International Women's Day is a collective day of global celebration and a call for gender parity. No one government, NGO, charity, academic institution, women's network or media hub is solely responsible for International Women's Day. Many organizations declare an annual IWD theme that supports their specific agenda or cause.

January 2017: Moving into 2017

By the time you read this, the Christmas holiday has passed and we will have celebrated the 2017 New Year. As we move into 2017, let’s hope for a brighter and secure future.
All of us at Local 724 would like to thank everyone for their donations, along with special thanks to Nicholas Lumsden for his generous donation to the Tree of Warmth.  Our Holiday Tree of Warmth was a success; the hats, mittens, scarves and gloves will be given to the community for those in need.
Local 724 held the annual Children’s Christmas party for its members on December 4. The party was wonderful, the families had a nice time, and the children saw Santa Claus. They had many activities to participate in, and received a present from Santa. There were lots of smiling faces, and this year we added gift cards for the adults. Needless to say, this event is not possible without the help from Local staff, officers, and local members and their families. 
And big thanks to Santa. He was a hit, and he does carry a Union card!
The Local Toys-for-Tots drive was a big success this year. Thanks to Huntsman, Impco, Alliance, Bridgewater, and Woodbridge units as several boxes were filled. Thanks for all your time making sure the children received toys.
So as we continue in the 2017 year, let’s still remember to buy American and buy union.  We still have many of our sisters and brothers out of work, so let’s continue to help our own and make 2017 even more successful.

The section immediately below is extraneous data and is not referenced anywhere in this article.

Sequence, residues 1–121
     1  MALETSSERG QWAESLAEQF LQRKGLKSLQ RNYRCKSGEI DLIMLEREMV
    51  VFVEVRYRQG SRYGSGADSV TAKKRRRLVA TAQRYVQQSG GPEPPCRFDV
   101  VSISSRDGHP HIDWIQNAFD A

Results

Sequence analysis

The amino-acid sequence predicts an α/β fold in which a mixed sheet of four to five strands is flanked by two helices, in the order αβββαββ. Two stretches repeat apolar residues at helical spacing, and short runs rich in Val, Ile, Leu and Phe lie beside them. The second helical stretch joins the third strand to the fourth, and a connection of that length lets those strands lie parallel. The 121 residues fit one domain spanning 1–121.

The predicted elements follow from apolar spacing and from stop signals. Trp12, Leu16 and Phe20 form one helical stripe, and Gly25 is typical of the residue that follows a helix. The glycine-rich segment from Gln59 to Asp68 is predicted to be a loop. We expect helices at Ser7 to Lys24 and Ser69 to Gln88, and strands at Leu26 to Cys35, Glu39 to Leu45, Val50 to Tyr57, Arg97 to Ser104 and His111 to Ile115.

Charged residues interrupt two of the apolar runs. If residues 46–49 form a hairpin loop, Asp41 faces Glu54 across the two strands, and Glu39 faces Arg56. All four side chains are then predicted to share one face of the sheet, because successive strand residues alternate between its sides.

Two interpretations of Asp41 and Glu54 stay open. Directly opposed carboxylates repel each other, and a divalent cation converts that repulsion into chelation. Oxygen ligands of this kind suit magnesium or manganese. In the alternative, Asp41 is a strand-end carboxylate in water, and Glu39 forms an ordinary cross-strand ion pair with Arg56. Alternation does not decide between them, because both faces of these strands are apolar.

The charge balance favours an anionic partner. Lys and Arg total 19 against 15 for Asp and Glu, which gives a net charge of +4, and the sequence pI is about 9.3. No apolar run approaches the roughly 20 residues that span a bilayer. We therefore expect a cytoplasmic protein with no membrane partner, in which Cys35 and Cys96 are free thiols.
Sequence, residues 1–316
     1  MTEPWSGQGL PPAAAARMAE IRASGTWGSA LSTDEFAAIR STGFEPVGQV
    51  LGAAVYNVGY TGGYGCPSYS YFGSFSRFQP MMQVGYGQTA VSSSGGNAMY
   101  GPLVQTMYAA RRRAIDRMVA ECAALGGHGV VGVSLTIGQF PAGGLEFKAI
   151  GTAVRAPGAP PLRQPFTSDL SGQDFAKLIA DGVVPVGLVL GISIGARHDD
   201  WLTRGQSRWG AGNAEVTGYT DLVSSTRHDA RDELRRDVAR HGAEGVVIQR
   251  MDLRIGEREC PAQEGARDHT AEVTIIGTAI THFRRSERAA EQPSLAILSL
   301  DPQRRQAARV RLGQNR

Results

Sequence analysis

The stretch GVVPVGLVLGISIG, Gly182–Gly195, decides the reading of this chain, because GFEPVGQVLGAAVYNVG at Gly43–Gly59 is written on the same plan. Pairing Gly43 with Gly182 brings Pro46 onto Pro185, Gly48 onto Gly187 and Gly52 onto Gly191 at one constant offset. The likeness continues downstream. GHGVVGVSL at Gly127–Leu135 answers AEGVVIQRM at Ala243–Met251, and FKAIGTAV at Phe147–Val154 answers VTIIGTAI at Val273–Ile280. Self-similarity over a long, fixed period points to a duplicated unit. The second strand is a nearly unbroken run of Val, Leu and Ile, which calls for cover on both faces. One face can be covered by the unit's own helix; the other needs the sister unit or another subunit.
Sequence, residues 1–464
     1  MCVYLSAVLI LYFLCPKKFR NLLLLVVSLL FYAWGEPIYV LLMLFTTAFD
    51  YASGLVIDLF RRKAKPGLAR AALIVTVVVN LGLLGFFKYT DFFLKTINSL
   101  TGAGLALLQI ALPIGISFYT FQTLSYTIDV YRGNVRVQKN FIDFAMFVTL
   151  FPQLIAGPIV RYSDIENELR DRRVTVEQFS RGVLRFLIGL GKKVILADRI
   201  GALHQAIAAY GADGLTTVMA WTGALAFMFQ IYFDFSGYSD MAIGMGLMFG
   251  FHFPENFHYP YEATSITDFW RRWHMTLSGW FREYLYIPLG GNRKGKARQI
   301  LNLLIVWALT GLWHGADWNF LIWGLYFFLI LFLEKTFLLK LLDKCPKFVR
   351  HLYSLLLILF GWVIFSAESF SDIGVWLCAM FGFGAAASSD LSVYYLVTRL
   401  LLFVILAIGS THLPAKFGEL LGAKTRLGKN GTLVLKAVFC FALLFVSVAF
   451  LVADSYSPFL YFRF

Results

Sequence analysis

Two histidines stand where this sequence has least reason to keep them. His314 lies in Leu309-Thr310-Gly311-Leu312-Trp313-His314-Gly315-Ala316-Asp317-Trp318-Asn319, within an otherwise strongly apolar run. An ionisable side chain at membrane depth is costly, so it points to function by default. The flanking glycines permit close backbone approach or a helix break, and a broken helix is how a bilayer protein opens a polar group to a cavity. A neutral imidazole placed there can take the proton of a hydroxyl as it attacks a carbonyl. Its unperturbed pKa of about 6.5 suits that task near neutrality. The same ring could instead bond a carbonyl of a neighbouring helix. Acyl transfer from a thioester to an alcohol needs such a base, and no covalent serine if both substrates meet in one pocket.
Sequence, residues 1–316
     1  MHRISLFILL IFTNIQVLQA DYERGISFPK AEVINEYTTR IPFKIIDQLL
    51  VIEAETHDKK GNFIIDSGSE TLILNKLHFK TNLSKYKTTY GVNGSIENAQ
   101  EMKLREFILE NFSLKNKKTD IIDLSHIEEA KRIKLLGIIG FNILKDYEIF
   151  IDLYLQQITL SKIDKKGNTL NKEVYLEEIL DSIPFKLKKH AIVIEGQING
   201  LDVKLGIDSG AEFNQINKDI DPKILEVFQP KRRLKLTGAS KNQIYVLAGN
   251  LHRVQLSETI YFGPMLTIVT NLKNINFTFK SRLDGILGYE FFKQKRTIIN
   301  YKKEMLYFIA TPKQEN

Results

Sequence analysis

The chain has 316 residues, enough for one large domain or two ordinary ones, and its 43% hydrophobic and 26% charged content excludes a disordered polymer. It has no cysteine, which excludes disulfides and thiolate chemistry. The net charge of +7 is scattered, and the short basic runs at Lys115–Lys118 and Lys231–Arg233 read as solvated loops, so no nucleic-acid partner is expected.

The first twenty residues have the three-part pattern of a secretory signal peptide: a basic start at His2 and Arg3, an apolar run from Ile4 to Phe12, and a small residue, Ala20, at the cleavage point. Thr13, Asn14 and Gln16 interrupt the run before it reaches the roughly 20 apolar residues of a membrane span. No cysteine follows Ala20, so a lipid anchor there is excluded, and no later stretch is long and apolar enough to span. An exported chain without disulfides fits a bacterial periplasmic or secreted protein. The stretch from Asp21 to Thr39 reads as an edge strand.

December 2016: Shop UAW-made

Across the land, UAW members build cars, vans, and trucks. But did you know that in a factory in Michigan, UAW members also build houses? Or that in a plant in New York, UAW members prepare and package sugar. Or that in Ontario, UAW members make hockey sticks?
All UAW members should look over this guide to UAW consumer products before we shop. Every time we buy a UAW-made product, we help preserve the jobs of our brothers and sisters.
Let’s proudly proclaim that we buy what we make because when we do, we create a better tomorrow. Just go to uaw.org/uaw-made to start your search. Have a happy union holiday season!

September 2016: Historic struggle

Here is an interesting historical item from the UAW website:
On September 22, 1910, seventeen-year-old Hannah Shapiro (also known as Annie) walked off the job at Chicago’s Hart, Schaffner & Marx clothing factory after getting a pay cut – from 4 cents to 3 ¾ cents an hour.
Sixteen of her co-workers followed Shapiro out that day and by the end of the week, 2,000 of Shapiro’s co-workers had joined the strike. Word spread that an immigrant girl was taking a stand against the garment industry and by mid-October, 40,000 garment workers were on the streets of Chicago demanding better wages and working conditions.